Everything from the waist up hurts because that is where I focused most of the work…my abs. Sure, I want to have a more defined chest and a bit of muscle in my arms. But my core is where my weight is most noticeable.

This is because I don’t do a lot of core-focused work. Yes, some of my Kinect games will contribute to working out the abs and obliques. But not like a focused exercise, such as planks and using the ab roller.

The sore muscles I feel after such a workout is telling me that I’m on the right path. That all of this work on those muscle groups is surely going to pay off over time. After about two months or so, I’m surely going to show a massive difference.

Because I do want to effectively reduce and define my core, half of my exercise routine centers around the abs. I also alternate between ab work and other exercises so I don’t overexert those muscles trying to do too much in succession.

So, when I do something like a Swiss ball dumbbell fly, it’s giving my abs a bit of a break before moving on to something like lying leg raises.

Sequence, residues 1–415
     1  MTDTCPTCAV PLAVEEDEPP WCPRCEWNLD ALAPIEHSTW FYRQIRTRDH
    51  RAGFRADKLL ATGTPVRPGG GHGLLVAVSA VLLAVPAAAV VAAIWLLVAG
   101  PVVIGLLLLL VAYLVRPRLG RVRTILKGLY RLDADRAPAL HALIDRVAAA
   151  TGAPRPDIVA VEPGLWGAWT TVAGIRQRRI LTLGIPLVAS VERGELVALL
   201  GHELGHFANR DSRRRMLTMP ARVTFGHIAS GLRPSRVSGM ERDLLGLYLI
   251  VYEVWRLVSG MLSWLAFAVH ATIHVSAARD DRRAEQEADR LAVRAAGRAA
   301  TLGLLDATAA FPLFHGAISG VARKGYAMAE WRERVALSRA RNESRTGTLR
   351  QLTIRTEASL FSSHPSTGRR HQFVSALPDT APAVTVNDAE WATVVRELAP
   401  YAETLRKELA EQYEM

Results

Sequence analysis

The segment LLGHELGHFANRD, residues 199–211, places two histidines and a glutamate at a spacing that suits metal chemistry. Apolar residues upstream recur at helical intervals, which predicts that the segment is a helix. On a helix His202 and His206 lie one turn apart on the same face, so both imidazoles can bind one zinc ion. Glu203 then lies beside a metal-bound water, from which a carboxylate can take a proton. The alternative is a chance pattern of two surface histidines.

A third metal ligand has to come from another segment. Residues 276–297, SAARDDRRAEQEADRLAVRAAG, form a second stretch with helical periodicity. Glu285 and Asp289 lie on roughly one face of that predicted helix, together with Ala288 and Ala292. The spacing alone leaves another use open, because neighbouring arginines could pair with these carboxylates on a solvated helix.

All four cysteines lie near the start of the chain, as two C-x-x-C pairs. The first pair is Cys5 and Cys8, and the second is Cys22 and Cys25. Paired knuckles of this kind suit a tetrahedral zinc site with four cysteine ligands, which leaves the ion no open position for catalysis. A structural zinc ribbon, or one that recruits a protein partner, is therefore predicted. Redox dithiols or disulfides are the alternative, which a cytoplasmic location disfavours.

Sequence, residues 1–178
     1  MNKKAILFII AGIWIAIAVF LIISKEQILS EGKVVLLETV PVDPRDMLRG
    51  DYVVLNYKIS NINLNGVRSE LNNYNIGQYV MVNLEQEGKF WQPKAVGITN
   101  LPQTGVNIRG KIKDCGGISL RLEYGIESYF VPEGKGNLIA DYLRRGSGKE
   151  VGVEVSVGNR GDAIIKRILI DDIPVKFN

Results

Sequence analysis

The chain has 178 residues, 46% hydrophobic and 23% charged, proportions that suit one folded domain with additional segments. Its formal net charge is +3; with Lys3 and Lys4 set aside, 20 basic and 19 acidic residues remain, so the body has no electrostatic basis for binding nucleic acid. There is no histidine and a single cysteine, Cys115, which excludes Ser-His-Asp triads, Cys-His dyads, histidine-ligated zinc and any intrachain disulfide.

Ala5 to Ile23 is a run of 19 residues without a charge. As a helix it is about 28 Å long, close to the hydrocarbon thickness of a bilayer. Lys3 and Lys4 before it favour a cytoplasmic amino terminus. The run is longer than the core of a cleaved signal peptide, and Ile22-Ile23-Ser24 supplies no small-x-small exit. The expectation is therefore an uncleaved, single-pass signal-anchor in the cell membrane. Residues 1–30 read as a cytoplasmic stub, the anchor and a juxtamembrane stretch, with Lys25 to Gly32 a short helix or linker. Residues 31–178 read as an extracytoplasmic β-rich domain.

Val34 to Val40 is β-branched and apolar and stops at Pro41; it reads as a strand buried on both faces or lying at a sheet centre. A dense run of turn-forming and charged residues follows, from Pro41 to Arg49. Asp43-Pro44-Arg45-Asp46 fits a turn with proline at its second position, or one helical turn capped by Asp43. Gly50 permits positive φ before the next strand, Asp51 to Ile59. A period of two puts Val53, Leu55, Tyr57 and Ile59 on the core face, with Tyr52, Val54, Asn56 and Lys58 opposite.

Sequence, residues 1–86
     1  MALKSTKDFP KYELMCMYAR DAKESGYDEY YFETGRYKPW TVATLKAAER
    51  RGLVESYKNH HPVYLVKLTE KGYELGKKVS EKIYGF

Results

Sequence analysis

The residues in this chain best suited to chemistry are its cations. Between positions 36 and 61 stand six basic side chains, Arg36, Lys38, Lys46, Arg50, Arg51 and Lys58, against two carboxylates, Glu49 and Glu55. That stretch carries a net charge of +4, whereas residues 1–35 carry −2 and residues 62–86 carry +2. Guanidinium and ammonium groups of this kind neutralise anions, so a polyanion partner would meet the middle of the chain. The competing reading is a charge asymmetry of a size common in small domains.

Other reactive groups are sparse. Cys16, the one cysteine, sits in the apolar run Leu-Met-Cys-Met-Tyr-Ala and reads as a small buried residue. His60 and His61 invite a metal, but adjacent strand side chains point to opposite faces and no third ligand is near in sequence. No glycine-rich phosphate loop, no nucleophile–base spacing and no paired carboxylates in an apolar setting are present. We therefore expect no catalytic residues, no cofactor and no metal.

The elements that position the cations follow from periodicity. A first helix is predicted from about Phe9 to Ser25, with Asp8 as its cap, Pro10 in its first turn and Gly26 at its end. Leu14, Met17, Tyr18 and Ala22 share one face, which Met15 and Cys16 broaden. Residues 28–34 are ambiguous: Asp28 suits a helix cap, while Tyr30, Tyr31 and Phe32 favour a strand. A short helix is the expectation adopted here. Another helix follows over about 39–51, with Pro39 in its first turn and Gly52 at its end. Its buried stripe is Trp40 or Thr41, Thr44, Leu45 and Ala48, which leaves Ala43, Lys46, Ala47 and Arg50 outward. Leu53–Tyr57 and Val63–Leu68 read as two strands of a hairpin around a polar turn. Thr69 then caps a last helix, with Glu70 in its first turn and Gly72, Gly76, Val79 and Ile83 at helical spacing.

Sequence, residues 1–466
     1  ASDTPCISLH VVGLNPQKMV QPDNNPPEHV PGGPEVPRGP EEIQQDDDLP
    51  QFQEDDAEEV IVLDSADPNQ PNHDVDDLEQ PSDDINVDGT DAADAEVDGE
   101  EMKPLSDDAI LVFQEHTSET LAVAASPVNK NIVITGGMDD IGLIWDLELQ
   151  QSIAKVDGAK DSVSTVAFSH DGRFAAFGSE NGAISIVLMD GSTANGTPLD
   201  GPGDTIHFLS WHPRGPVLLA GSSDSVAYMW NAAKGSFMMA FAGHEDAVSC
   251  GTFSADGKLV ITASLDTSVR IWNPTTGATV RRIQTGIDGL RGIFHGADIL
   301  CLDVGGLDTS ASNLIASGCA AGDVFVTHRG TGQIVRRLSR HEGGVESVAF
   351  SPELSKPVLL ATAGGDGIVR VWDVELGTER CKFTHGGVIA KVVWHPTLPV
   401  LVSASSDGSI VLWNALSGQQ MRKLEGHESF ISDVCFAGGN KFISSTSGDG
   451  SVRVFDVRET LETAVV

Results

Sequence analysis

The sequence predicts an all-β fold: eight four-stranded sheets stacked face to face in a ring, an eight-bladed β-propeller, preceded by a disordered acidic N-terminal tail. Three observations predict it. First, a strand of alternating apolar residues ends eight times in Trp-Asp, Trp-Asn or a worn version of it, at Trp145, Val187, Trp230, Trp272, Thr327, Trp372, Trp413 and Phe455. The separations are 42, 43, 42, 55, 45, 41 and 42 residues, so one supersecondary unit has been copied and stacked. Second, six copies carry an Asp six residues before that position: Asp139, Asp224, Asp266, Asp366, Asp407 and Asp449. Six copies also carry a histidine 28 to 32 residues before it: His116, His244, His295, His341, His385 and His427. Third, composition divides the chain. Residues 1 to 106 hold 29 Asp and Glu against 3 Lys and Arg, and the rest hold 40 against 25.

Giving Proper Rest Periods

Another part of my weekly workout plan is to give my body a rest period in between lifting sessions. Because I pushed myself pretty far yesterday, today I’m focusing more on the cardio side of things.

Mondays, Wednesdays, and Fridays are more like to result in sore muscles after the workout while Tuesdays and Thursdays are centric to just burning fat.

Yes, I will feel a bit of discomfort when playing the Xbox, but not to the extent of what I pushed through the day before. Besides, I find a good 20+ minute workout in front of the Kinect works wonders for alleviating some of the effects of DOMS.

Sore Muscles After a Workout is Good?

Have a bit of soreness post-workout is good. It’s your body telling you that you’ve pushed your limits and is in the process of healing while making muscles denser. Though, too much pain could signify you’ve actually hurt yourself.

When experiencing DOMS, it should be more of a soreness and not an all-out excruciating pain. Seek medical advice if you experience pain beyond what you feel is tolerable.

There is absolutely nothing wrong with seeing your doctor if something doesn’t feel right. The last thing you want to do is cause a severe injury that can have lasting effects.

Never take your health and fitness for granted.